Dr Sabine Hyland's fieldwork in the Andes has led to the first decipherment of a structural element on khipus (the ancient Andean writing system using knotted cords) in almost 100 years! Funded by National Geographic, Dr. Hyland journeyed to a remote Andean village to study a unique hybrid alphabetic/khipu text; her fieldwork has helped her to discover the secrets of this ancient writing system. Dr Hyland, of the Department of Social Anthropology, conducted ethnohistorical and ethnographic research on the Chanka people of Peru funded by the NSF, the NEH and the Mellon Foundation. Her research has led to various outcomes including a book, The Chankas and the Priest (Penn State Press 2016), the first historical study of the Chankas ever written. In the words of the Director of Tourism and Culture for this region of Peru, her "book is the first publication which addresses Chanka history using primary source material. As a result, for the first time we can see our ancestors humanised - no longer “enemies of the Inka” or “bellicose warriors”. Dr Hyland’s research and publications gives us a fuller sense of who we are as a people, and of the importance of valorizing, preserving, and celebrating the Peruvian cultural heritage. In the process, Dr Hyland has not only helped the people of Peru learn about anthropology and the importance of cultural patrimony but has trained and inspired many Peruvian students to have successful careers in tourism, history, archaeology, and related fields... we are also using her data to design exhibits for a new museum that is opening in Andahuaylas City this year." Her research on the ancient khipus has been featured in governmental publications for school children, distributed into every school and library of the Cusco region (pop = 2 million).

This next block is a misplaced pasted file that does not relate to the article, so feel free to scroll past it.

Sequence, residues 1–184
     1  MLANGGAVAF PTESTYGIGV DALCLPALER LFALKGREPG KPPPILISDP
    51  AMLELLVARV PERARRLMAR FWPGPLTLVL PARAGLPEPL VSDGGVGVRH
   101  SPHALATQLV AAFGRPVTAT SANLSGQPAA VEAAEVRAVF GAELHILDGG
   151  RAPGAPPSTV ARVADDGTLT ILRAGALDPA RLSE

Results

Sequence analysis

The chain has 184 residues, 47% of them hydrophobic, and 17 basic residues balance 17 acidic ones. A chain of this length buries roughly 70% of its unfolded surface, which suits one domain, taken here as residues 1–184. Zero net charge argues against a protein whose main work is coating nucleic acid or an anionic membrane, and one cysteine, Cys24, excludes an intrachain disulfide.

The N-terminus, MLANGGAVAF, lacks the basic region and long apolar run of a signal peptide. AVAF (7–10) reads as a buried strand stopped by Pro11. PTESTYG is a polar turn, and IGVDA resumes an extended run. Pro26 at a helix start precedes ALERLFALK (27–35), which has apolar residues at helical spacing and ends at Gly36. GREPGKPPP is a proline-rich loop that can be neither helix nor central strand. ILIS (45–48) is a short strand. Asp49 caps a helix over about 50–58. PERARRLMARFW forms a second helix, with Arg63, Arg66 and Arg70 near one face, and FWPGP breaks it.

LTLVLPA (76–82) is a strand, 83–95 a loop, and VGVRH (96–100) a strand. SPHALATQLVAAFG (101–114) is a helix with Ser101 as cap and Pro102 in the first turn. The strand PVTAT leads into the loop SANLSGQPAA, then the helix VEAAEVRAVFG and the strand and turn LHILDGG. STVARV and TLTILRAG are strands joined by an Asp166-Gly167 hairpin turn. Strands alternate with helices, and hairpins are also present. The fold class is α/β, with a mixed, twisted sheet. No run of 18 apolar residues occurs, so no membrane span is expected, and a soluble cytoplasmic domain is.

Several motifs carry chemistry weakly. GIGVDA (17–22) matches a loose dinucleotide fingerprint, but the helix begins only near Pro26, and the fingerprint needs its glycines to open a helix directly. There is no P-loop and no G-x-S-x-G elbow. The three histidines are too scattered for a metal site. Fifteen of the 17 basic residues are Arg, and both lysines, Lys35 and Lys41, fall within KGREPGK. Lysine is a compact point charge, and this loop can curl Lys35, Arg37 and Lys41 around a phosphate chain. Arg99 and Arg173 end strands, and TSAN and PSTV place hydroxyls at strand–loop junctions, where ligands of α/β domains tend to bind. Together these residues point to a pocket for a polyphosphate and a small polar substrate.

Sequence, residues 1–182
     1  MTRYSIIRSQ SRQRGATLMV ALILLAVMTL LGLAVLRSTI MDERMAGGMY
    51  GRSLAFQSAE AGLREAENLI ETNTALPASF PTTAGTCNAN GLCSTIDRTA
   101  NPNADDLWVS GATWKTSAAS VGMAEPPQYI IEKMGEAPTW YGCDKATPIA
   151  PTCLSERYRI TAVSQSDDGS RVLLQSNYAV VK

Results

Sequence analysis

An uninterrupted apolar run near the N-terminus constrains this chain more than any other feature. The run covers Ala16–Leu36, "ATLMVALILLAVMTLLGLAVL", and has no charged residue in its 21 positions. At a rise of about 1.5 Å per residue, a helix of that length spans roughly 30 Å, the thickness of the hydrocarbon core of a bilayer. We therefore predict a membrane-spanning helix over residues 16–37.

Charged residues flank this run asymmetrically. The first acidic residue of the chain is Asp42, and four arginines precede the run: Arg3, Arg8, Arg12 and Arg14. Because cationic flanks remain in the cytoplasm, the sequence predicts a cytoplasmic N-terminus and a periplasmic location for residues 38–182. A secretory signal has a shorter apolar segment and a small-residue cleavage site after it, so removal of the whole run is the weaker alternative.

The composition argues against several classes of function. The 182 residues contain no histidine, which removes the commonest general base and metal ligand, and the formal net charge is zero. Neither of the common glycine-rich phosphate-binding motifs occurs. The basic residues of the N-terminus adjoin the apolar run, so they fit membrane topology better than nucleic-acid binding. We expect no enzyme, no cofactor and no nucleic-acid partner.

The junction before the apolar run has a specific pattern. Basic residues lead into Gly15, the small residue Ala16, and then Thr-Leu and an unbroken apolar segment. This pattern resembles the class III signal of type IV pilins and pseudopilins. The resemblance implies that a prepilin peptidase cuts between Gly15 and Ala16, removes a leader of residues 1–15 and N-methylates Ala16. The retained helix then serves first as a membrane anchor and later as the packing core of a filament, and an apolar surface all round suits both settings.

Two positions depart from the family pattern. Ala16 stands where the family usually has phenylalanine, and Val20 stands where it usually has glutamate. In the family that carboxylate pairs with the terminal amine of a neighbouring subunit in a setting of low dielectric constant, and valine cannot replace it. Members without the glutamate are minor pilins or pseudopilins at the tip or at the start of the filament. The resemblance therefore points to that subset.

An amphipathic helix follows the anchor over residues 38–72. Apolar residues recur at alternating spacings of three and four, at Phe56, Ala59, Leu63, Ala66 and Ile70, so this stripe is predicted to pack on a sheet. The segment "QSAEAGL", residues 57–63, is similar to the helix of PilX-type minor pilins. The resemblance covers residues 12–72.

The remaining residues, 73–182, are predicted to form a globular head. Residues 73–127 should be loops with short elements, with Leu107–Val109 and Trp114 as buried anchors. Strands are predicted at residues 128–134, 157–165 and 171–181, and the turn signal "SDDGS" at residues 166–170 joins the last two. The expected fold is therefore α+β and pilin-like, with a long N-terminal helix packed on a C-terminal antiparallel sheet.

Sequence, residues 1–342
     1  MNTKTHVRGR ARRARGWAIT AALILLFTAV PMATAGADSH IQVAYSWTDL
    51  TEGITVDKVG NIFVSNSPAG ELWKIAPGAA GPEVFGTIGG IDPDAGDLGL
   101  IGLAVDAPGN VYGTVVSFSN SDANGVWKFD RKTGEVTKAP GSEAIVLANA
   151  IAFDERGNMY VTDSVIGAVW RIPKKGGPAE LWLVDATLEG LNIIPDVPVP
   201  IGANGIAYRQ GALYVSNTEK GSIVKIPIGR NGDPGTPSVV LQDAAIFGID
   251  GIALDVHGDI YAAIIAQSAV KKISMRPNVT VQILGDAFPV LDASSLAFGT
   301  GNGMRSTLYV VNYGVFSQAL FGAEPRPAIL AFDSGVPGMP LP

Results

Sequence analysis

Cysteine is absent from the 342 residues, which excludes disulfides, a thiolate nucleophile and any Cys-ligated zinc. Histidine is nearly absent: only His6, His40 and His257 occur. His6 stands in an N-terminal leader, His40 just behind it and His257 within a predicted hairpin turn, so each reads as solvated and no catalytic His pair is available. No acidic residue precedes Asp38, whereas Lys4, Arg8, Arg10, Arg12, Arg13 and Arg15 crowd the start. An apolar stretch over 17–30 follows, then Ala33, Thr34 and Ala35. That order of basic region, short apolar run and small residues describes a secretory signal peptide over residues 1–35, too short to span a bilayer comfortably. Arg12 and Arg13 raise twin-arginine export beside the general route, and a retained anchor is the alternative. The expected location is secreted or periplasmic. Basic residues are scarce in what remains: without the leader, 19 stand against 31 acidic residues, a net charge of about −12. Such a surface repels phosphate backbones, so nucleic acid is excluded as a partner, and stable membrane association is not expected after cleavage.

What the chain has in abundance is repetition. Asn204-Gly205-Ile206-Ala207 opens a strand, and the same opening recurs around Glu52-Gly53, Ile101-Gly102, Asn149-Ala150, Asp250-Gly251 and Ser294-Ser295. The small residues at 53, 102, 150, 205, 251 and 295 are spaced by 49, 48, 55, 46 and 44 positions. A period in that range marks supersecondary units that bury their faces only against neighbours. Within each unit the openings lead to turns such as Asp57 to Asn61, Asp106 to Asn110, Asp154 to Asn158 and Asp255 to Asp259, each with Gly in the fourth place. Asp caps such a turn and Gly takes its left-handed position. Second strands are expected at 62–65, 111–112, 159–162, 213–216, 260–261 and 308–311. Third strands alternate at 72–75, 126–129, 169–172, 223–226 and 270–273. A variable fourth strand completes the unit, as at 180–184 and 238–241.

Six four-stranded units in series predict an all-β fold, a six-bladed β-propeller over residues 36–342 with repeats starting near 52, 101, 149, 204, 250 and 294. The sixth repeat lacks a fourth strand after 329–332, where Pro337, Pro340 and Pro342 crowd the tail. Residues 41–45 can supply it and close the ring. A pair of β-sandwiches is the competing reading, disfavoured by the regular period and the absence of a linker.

Trailer for the National Geographic series, Ancient X Files,
Season Two, Episode 3, Decoding the Incas

Dr Hyland's research on khipus, the as yet undeciphered writing system of the Incas, was made into a National Geographic documentary for the Ancient X Files series, called Decoding the Incas. In the research for this film, she was able to decipher the meaning of several elements on khipus, the first such decipherment in 100 years. Since viewing her film, leaders of other indigenous villages have invited Dr Hyland to study their khipus, previously kept secret from outsiders. The Indian authorities of one such community, Collata, have recently thanked her for "helping them to gain invaluable insights into the worth and meaning of their cultural heritage".